The seven-year term was less than the 10 years requested by prosecutors but harsher than the suspended sentence urged by Patel’s lawyers. Patel will be eligible for release on parole after three-and-a-half years.

The prosecution had argued Patel was “motivated by ego and suffering from lack of insight” and was criminally negligent in operating on Gerry Kemp, 77, Mervyn Morris, 75, and James Phillips, 46, who all died.

The fourth patient, Ian Vowles, 63, suffered serious injuries when Patel removed his healthy bowel.

“Three lives were lost and Mr. Vowles will suffer for the rest of his life,” Byrne said.

He added that Patel deliberately hid the fact that he had been found guilty of gross negligence in the United States before taking the job at Bundaberg, and was banned from doing the kind of operations he performed in Australia.

“The order for your surgical misadventures in Oregon gave very good reason to reflect before commending surgery to patients in Bundaberg … yet you told no one about the order,” the judge said.

An official inquiry into Queensland state’s health system prompted by Patel’s case linked him to numerous fatalities at Bundaberg hospital, and local politician Rob Messenger said there were at least 87 deaths under his watch.

Source: SGGP

Australia’s Foster’s to push on with wine, beer demerger

In Uncategorized on May 26, 2010 at 1:23 pm

Australia’s Qantas lets passengers delay flights to Thailand

In Uncategorized on May 18, 2010 at 9:06 am

SYDNEY, May 18, 2010 (AFP) – Australia’s Qantas Airways on Tuesday let passengers delay trips to Thailand or bypass the country without penalty as deadly violence escalates in the capital Bangkok.

The airline made the offer “due to continued civil unrest/political tensions in Thailand”, a statement on its website ( said.

Armed soldiers stand behind barbed wire after they restricted access to an area on the fringes of the anti-government protest site in downtown Bangkok on May 18, 2010. AFP photo

Passengers who have already bought tickets can defer trips in and out of the country, bypass Thailand as a stopover port and even change destinations at no extra charge, Qantas said.

Thirty-eight people have been killed and 279 wounded over the past five days as political clashes turn parts of central Bangkok into a war zone.

Source: SGGP

Robots, space technology run Australia’s mining miracle

In Uncategorized on March 29, 2010 at 9:53 am

 The heavy clank of machinery rings out across a seemingly deserted Outback mine site as an invisible satellite signal fires Rio Tinto’s production line into motion.

Massive stackers and reclaimers begin the task of sifting through rust-coloured piles of rich iron ore, readying them for the rail journey hundreds of kilometres from mine to port.

It’s an industrious scene — with hardly a living being in sight.

“People frequently ask whether we have anyone working here at all,” one miner at Rio’s Dampier operations told AFP.

“Due to automation and stuff most people are pretty well tucked away from the heat. There’s not a lot of manual workers.”

A train carrying iron ore is emptied for loading onto bulk carriers at Rio Tinto’s port facilities near Dampier in Western Australia.

Automation has long been a part of the mining industry, but advances in satellite, motion-sensor technology and robotics have made the stuff of science fiction a fact of everyday life.

Machines which scoop the ore, dump it on a conveyor belt and hose it down are now controlled from the air-conditioned comfort of Rio Tinto’s Perth operations centre, 1,500 kilometres (930 miles) away from the arid mine pit.

Hundreds of specially trained operators who once directed machines from on-site offices watch and direct the action from afar using satellite technology, with surveillance cameras feeding into some 440 monitors.

Once fully operational — currently scheduled for June — the operations centre will allow all of Rio’s rail, mine and port systems to be coordinated from one place.

Anglo-Australian miner Rio Tinto is one of the world’s biggest mining companies, with aluminium, copper, diamonds, gold and iron ore among its major products.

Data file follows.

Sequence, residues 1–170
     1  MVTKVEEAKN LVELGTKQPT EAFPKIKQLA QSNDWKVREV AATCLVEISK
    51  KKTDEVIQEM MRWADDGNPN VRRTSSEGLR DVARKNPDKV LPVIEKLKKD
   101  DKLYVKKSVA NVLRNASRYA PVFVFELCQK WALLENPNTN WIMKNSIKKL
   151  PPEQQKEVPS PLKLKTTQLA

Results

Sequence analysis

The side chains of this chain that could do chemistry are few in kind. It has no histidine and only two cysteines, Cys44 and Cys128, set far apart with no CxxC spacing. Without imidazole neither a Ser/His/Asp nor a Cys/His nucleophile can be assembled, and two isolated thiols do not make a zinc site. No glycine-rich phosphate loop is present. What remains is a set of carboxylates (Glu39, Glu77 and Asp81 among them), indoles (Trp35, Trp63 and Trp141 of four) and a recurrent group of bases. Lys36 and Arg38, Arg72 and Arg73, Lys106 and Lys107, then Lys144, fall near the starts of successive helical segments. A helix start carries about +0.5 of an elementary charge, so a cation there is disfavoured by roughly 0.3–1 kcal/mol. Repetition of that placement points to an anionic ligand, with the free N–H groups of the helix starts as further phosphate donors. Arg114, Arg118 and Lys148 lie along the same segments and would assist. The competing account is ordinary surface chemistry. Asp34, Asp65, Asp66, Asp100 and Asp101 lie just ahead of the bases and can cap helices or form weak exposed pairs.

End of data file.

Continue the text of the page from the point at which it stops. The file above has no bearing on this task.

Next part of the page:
“Process plants have long been managed from a console — it?s just as if this task is now performed with a much, much longer extension cord,” Rio said in its latest innovations update.

“But never before, on anything like this scale, has the huge number of tasks been accomplished in full view and full knowledge of everyone else involved.”

The operations centre in Perth is central to Rio’s “Mine of the Future” programme, which aims for driverless trucks and trains, and sensor-fitted “smart drills” that can be operated remotely.

Since December 2008 it has been trialling automation technologies at a test site called “A-Pit”, where robotic trucks with artificial intelligence “learn” the layout of the mine and use sensors to sense and avoid obstacles.

Australian government scientists are working closely with the mining industry, drawing inspiration from space exploration to troubleshoot, explains researcher Ian Gipps.

“It sounds crazy but quite a few of the problems in space and in remote mining can be similar,” said Gipps, from the Commonwealth Scientific and Industrial Research Organisation (CSIRO).

“You don’t necessarily want to have people there… so a lot of exploration on planets requires automated and remote operating systems, particularly automated.”

Current research was focusing on the use of robots fixed with radar and light-spectrum technology to detect and gauge the quality of minerals, he added. It could be available in as little as two years.

“We want to be able to put sensors on machines that can look at the (rock) face and say, ‘the ore’s on one half of the face and not the other half of the face and the ore’s of a particular grade’,” Gipps said.

“You can’t just take a sample and send it off to a lab and get it back in 24 hours or 48 hours and say, ‘ok, we want to mine that area’. We want to know that within a couple of seconds of being there,” said Gipps.

The shift to automation is not without its challenges — chief among them securing vast satellite networks against cyber-attacks — but Gipps said it was critical to addressing chronic labour shortages.

“If the industry wants to keep on advancing then it has to make employment more attractive,” he said.

In the cyclone-prone and brutally hot Pilbara, the “A-Pit” trial is due to finish later this year. Its findings will form the basis for an operations-wide rollout of remote and driverless technologies.

Chief executive Tom Albanese hopes to position Rio as the world’s most technologically advanced mining company, describing it as key to the company’s ambitions to boost annual iron ore production above 600 million tonnes.

Rio Tinto is changing the face of mining,” he said at the Mine of the Future’s 2008 launch.

But will humans ever be removed entirely from the equation? Gipps is sceptical.

“A lot of the challenge is getting machines to understand what’s happening around them,” he said. “It’s remarkable how clever a human is in doing that.”

Source: SGGP